Radical Evil on Trial
By Carlos Santiago Nino
Summary written by Conflict Research Consortium Staff
Citation: Nino, Carlos Santiago. 1996. Radical Evil on Trial. New Haven, Connecticut: Yale University Press.
This is a first-hand account of Argentina's experience with transitional justice in the 1980s. Carlos Santiago Nino served as advisor on human rights and constitutional reform to President Raul Alfonsin, who was elected in 1983 after the military junta surrendered power. Looking at efforts since World War II, Nino examines the role of punishment as a means of helping construct democracy. He provides an in depth description of Argentina's experience, in particular tracing Argentina's history, the junta from 1976-1983 and the transitional process, of which he was an integral part. We learn of the Alfonsin government's calculations, the course of Argentina's truth commission (CONADEP), and efforts to put the military leadership on trial. The military grew restive as the prospect of prosecution seemed to improve. Under threat of a coup, the government backed off passing the 'full stop' law, which would bring prosecutions to a close. However, the courts were flooded with cases before the deadline and tensions rose. Eventually, under President Carlos Menem an amnesty was passed.
The opportunity in Argentina to realize some form of transitional justice came about because of the debacle of the Falklands/Malvinas War. Although this experience temporarily sowed divisions amongst the branches of the armed forces, Alfonsin's effort to prosecute past human rights violations was a unifying force. Political parties favored some sort action or they feared democracy would not be consolidated. However, they parties were afraid that being too successful would make Alfonsin's Radical Party too popular. Finally, human rights organizations used the prestige they had achieved to press for retribution. Neither the military nor human rights groups were satisfied with the government's position and this helped to weaken it.
Nino outlines a number of factors both supportive and obstacles of retroactive justice.
- One group controlling the transition.
- Legal discontinuities.
- Heinous abuses.
- Absolute and relative quantity of abuses.
- Social identification with victims.
- Sharpness of the trials.
- Transition consensual.
- Time span between crimes and trials.
- Social identification with perpetrators.
- Diffusion of responsibility.
- Cohesion of the perpetrators.
As part of a transitional process, however, political arguments must be based on moral valuation.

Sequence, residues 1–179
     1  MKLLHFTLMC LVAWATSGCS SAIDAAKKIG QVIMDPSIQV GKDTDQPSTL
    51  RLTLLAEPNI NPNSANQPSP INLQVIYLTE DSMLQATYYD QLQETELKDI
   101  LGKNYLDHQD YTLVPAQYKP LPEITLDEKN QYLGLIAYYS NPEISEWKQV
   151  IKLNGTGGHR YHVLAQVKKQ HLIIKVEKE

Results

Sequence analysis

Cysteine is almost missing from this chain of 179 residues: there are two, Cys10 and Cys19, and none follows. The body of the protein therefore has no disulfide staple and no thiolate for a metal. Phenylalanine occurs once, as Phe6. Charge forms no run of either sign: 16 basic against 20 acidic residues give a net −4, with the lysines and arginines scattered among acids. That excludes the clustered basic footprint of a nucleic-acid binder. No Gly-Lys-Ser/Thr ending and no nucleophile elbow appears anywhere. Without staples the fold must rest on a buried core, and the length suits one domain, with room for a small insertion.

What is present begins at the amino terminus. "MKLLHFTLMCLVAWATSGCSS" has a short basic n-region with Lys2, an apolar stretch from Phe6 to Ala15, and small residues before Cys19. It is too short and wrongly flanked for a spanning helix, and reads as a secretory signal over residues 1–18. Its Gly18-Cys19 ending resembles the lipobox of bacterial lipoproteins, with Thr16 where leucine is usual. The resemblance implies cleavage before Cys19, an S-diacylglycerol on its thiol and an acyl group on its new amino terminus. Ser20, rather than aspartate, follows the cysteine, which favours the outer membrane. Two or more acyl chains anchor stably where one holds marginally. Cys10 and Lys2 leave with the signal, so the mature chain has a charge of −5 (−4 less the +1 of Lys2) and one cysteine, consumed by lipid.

Although Nino outlines a moral defense of retribution, he ultimately concludes it suffers from major philosophical problems. Such a position assumes that punishment can adequately rectify the situation. It also presupposes that one evil can in some way rectify another. At the core, the problem is that "[t]he dependence of retributivism on blame, and thus on intention, leads us to the abyss of pure subjectivism." (137) Thus, Nino turns to consider a preventionist theory of punishment. Based in a theory of consent, he argues that agents are susceptible to punishment if they have acted freely and with an understanding of the law and its consequences. Nonetheless, punishment of radical evil is unlikely to deter massive human rights abuses in the future as they would not arise within a just legal and political framework. Thus, Nino concludes "that trials for massive human rights violations can be justified on preventionist grounds provided the trials will counter those cultural patterns and the social trends that provide fertile ground for radical evil." (146) In sum, following Shklar, he concludes that trials may reveal details of the crimes, advance the rule of law, minimize vigilantism, restore dignity to victims, and promote public deliberation. However, to reach these moral ends, actions must be legal.
In examining the legal complications of trying human rights violators, Nino concentrates on the presence or absence of legal norms and the defenses of the accused. In some transitional situations, the problem is not the absence of law, but rather law may permit abhorrent behavior. This should be rejected from a natural law perspective. At the same time, unless law is created through genuine democratic participation to truly create the rule of law, it is not to be accepted. Focusing largely on Argentine examples, Nino proceeds to evaluate the defenses of lack of agency, necessity, self-defense, state of war, due obedience, statute of limitations, and the selectivity of punishment. Nino concludes that punishment need not be equally meted out in order to meet legitimate goals.
Nino concludes his examination by rejecting a blanket legal obligation to prosecuting any and all human rights violators. In some circumstances, such an approach could do more harm than good. What is more necessary is constructing an international forum that may legitimately be called upon.